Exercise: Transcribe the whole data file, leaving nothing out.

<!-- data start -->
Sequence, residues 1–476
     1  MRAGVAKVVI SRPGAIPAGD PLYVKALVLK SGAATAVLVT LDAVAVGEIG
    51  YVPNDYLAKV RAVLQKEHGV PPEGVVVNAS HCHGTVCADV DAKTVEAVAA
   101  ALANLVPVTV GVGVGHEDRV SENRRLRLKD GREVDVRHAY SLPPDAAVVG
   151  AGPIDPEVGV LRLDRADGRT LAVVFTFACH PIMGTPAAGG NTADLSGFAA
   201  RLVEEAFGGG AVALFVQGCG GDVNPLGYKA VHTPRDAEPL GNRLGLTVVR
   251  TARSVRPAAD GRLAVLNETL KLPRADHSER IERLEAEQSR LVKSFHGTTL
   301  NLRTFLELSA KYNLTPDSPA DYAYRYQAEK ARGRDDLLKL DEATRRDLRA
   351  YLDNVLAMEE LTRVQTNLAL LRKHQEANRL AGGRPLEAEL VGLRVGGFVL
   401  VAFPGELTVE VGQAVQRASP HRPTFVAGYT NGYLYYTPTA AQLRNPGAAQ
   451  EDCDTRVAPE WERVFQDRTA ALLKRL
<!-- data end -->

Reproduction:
Sequence, residues 1–476
     1  MRAGVAKVVI SRPGAIPAGD PLYVKALVLK SGAATAVLVT LDAVAVGEIG
    51  YVPNDYLAKV RAVLQKEHGV PPEGVVVNAS HCHGTVCADV DAKTVEAVAA
   101  ALANLVPVTV GVGVGHEDRV SENRRLRLKD GREVDVRHAY SLPPDAAVVG
   151  AGPIDPEVGV LRLDRADGRT LAVVFTFACH PIMGTPAAGG NTADLSGFAA
   201  RLVEEAFGGG AVALFVQGCG GDVNPLGYKA VHTPRDAEPL GNRLGLTVVR
   251  TARSVRPAAD GRLAVLNETL KLPRADHSER IERLEAEQSR LVKSFHGTTL
   301  NLRTFLELSA KYNLTPDSPA DYAYRYQAEK ARGRDDLLKL DEATRRDLRA
   351  YLDNVLAMEE LTRVQTNLAL LRKHQEANRL AGGRPLEAEL VGLRVGGFVL
   401  VAFPGELTVE VGQAVQRASP HRPTFVAGYT NGYLYYTPTA AQLRNPGAAQ
   451  EDCDTRVAPE WERVFQDRTA ALLKRL